REED CITY — The tale of Jack and the Beanstalk is a tale of an innocent boy who tried to save his family’s farm by trading a cow for some magic beans.
In planting the beans, Jack is taken to a castle in the clouds, home to a giant who wants to grind the boy’s bones for bread.
But G.T. Norman third-graders got to tell a different side of the story in their mock trial of Jolly Giant v. Jack Bean.
The case told by each of Kelly Stearns’, Dawn Hilliard’s, Sue Rice’s and Kayli Eastling’s third-grade classes allowed the audience to hear the side of the giant on Friday, June 14, who was accusing Jack of stealing their chicken and trespassing on their property.
While each class got their chance to play a part in the trial, whether it judge, jury member, bailiff or Jack, the scripted cases did not all end the same.
Seated with Osceola Probate Judge Tyler Thompson, one student from each class got to make their own sentencing for Jack. For example; Taylor Gerbracht sentenced her classmate Tyson Benedict, who played Jack Bean in Stearns’ classes mock trial, five years in prison after the jury found him guilty, while others were more lenient in giving him a year in prison or a fine to pay.
“I thought her sentencing was a little harsh,‘ said Thompson after the first trial of the day had finished.
Once the students had a chance to be a part of the court system, the students had the chance to ask questions and learn more about the room they sat in and what it takes to become a judge or a lawyer.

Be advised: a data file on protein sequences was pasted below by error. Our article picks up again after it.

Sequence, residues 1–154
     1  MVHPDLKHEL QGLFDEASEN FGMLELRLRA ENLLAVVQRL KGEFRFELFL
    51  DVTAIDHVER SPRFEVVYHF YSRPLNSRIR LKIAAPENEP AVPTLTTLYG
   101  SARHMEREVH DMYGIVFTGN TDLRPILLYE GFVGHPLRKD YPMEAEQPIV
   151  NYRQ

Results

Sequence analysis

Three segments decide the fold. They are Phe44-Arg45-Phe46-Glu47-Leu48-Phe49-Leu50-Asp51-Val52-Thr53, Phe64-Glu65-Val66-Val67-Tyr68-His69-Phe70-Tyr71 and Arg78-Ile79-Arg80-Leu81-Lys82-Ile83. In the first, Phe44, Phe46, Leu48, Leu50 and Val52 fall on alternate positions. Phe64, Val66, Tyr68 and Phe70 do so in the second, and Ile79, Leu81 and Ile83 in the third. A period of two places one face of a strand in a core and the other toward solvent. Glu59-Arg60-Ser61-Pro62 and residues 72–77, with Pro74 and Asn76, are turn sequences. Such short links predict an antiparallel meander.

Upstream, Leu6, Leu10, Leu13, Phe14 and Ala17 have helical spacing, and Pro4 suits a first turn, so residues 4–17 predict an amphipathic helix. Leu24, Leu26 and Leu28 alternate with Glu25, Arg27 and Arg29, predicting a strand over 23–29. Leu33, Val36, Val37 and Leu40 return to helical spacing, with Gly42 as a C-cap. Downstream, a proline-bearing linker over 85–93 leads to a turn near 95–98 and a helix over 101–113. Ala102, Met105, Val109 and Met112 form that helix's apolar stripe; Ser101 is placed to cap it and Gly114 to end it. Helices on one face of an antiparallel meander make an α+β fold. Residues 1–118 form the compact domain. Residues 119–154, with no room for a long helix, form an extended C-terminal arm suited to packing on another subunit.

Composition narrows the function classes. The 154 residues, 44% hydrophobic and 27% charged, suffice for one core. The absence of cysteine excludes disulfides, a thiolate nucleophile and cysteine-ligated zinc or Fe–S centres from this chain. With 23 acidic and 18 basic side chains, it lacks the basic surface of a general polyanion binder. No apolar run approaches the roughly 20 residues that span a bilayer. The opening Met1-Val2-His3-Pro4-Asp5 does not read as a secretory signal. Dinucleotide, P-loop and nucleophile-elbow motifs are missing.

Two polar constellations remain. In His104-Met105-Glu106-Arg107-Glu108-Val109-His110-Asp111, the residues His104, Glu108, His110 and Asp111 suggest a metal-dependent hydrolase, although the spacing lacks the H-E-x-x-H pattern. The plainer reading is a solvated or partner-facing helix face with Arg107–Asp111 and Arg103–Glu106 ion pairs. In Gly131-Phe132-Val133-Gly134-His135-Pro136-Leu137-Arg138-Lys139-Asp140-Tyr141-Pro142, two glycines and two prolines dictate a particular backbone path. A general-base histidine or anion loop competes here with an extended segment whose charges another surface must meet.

One of the things students asked about was the gavel used at the end of the trial after a sentence was given. Thompson explained to the students what a gavel was used for and that it was mostly there for show.
“I worked at a court where I did not even have a gavel. I don’t think I got one until my mom gave me one as a gift,‘ he said. “I still don’t think I ever used it. Thanks, mom.‘
Others asked about Lady Justice, the pictures around the room of past judges and why Thompson wore a robe.
And that was what the day was about, said Thompson, giving the kids a learning experience and giving them a taste of what the courtroom is like. While the idea of placing well-know characters of folklore on trial is fun, it is what the kids take away from the day that is important.
“I have had many people come through my court and say they became inspired after doing a very similar thing when they were younger,‘ he said. “So that is what it is about, getting the kids inspired.‘